Zahava had told Susan that Josep Quintana, former owner of Torrijos, a one star Michelin restaurant, had opened a new restaurant close by the Mercado de Colón. Rumor has it that the restaurant, owned by Quintana and his wife, closed because the couple divorced. Quintana then went on to open a small restaurant in the Russafa neighborhood, which has since changed hands. He next went off to Asia to do some consulting work and has returned to Valencia. The warmth of the sun enhanced the twenty-minute walk from our house and we found the restaurant rather easily.

The restaurant is has both a very attractive exterior and interior. There were only a few diners when we arrived a little after 3:00 and we were shown to a side table for two. Over a beer for me and a glass of wine for Susan we studied the menu. We decided on a couple of Croquetas Crujientes de Arroz al Horno, Ensaladilla “Quintana” con sorpresa de Mar. For her entrée Susan chose the Cochinillo Crujiente con Tartar de Mango, berros y calabaza and I opted for the Solomillo de Bonito con queso de cabra y berenjena a la llama. Dessert was a deconstructed version of a tarte tartin. Every dish was attractively presented and absolutely delicious. Our bill was a bit more than we usually spend. In addition to the dishes we sampled we also consumed a beer, three glasses of wine, a bottle of water and two coffees. The final damage was 85 Euros, which we felt was well worth the experience. We shall return another day.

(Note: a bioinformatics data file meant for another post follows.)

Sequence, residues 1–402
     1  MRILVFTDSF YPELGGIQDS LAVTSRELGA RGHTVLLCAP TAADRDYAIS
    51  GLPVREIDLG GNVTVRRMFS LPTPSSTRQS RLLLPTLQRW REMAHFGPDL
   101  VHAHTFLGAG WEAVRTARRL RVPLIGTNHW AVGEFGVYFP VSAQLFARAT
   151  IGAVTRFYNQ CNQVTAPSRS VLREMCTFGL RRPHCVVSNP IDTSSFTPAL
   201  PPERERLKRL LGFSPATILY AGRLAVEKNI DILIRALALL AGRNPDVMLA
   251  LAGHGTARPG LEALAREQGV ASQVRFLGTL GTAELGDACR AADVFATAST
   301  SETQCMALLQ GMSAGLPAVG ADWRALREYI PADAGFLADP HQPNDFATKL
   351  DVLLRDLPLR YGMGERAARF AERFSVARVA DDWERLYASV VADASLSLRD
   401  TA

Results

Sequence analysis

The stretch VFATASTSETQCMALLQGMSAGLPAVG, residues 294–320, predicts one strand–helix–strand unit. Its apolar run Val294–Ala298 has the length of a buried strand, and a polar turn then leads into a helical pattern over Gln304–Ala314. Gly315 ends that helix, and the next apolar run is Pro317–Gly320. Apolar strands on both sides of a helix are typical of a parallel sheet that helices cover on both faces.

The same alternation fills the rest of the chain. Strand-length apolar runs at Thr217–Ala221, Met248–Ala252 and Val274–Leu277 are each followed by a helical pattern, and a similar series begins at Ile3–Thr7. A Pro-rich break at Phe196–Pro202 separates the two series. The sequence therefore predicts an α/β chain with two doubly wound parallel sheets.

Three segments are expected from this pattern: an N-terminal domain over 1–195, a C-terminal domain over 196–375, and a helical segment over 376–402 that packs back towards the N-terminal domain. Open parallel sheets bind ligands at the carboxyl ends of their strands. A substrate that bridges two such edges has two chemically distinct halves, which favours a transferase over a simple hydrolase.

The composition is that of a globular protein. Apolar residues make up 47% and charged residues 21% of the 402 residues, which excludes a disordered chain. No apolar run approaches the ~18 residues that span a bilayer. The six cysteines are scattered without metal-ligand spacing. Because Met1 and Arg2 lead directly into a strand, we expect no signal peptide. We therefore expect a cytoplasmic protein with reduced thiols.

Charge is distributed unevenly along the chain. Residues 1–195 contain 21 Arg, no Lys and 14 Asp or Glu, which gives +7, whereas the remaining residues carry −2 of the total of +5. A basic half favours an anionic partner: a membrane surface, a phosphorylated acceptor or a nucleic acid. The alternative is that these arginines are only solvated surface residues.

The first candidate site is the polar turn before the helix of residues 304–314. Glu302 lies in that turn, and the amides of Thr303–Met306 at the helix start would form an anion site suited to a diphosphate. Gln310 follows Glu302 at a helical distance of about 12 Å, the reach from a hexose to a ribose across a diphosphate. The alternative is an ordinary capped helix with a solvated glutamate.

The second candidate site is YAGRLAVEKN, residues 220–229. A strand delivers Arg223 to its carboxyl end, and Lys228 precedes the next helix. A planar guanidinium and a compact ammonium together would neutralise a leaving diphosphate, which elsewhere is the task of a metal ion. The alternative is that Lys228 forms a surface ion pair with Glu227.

After lunch we made our way to Cines Babel to see “The Hotel Budapest”. It was a fun flick and we enjoyed it. We took a cab back to the house and settled in for the evening. We watched another episode of Sherlock and before we knew it, it was 1:00 in the morning so we shut off the TV and the lights and went to sleep.

The last eightphotos are from Josep Quintana.  The others are from other adventures in the past ten days.